Q. While most of our bougainvillea are in large pots which we bring in doors for the winter; this year we planted one in an above ground planter built around the Jacuzzi. My question is what should I do to help it survive the winter without having to dig it up and transplant it again in the spring. Should that even be an option?
A. I like your idea of wrapping the bases of the plants before any freeze. Unless you have a very warm microclimate in your yard, and there are some in Las Vegas, you will see damage to them at the first light freeze with temperatures below 32° F. Wood mulches will also protect the base of bougainvillea but wrapping it is more effective. This way when it freezes it will kill the top of the bougainvillea to the mulch or wrap and not much further.
Of course this works to temperatures below freezing for short periods of time. If the temperatures are extremely cold or at these temperatures last a long time that it may freeze the plant to the ground. How well you protect the base of the plant will determine how strong it will come back, or not, next spring. Having bougainvillea in the spot in the yard which does not have a lot of wind and is very close to a warm, South or even better yet, West-facing wall will improve its chances for survival.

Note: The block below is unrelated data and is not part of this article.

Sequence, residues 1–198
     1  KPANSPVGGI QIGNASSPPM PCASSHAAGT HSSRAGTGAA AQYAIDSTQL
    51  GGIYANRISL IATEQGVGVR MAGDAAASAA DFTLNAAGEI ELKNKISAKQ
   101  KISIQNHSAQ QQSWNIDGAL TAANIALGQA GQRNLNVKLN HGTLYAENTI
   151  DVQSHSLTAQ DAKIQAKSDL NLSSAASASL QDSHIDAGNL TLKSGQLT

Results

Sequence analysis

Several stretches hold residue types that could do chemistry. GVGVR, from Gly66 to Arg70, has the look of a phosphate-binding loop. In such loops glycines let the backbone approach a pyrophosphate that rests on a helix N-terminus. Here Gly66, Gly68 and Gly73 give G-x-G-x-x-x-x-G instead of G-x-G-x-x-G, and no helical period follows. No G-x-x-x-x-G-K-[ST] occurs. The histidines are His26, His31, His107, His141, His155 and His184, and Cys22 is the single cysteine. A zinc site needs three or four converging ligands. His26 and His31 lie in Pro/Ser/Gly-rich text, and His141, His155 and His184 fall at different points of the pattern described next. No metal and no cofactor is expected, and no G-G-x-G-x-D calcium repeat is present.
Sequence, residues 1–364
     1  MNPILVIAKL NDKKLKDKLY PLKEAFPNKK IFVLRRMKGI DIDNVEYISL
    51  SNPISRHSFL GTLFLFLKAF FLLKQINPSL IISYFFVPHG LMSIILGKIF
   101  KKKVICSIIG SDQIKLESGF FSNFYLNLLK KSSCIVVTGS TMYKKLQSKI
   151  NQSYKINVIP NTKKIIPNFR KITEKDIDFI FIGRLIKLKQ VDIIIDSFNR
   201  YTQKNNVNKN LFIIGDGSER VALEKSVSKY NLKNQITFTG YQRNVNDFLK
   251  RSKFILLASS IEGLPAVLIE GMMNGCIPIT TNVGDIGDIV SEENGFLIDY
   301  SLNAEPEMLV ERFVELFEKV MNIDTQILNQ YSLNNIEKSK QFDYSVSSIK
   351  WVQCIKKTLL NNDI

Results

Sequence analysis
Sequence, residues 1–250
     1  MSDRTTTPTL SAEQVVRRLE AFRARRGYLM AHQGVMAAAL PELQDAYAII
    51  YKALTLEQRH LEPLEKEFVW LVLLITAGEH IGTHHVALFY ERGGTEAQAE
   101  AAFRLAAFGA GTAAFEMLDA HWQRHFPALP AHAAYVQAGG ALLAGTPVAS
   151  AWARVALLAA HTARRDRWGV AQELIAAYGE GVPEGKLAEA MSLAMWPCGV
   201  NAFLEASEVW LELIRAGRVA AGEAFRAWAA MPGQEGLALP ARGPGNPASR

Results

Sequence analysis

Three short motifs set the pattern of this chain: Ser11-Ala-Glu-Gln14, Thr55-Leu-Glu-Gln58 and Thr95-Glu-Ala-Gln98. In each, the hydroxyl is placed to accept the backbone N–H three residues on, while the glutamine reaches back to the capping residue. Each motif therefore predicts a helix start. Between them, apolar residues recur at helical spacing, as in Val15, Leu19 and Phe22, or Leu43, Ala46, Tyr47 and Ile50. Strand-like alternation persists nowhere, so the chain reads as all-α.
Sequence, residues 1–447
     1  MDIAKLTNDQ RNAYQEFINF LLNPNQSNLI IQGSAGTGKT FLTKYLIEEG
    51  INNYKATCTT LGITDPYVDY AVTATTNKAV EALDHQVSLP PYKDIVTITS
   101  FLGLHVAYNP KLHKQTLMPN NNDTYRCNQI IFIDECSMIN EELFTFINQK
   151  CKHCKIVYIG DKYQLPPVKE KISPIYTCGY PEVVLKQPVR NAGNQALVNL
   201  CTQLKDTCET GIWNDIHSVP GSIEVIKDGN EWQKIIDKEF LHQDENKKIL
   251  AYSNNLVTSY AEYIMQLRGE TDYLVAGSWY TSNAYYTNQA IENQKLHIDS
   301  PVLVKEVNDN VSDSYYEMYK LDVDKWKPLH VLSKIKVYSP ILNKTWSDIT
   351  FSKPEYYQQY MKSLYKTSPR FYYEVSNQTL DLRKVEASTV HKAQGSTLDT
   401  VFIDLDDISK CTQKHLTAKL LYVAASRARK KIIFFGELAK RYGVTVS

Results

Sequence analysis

Plants that freeze to the ground will come back like gangbusters next spring because of their established root system. Plants that are planted in the spring have to grow both the roots and the tops and so growth is divided between the two. Plants that have an established root system only have to grow the top back and so all of that growth goes to top growth and we see huge amounts of growth in the spring.
You do not want to feed them anything this time of year. This goes for any winter tender plant. These plants should get no fertilizer applied to them any time after mid-August. Fertilizers which stimulate new growth will cause the plant to become more succulent and lower its chances of surviving winter freezes. This is not true of plants that have no problem surviving winter freezes. In fact, those plants can receive mid fall applications of fertilizer with no problems. A mid fall application of fertilizer can substitute for a Spring application but not winter tender plants.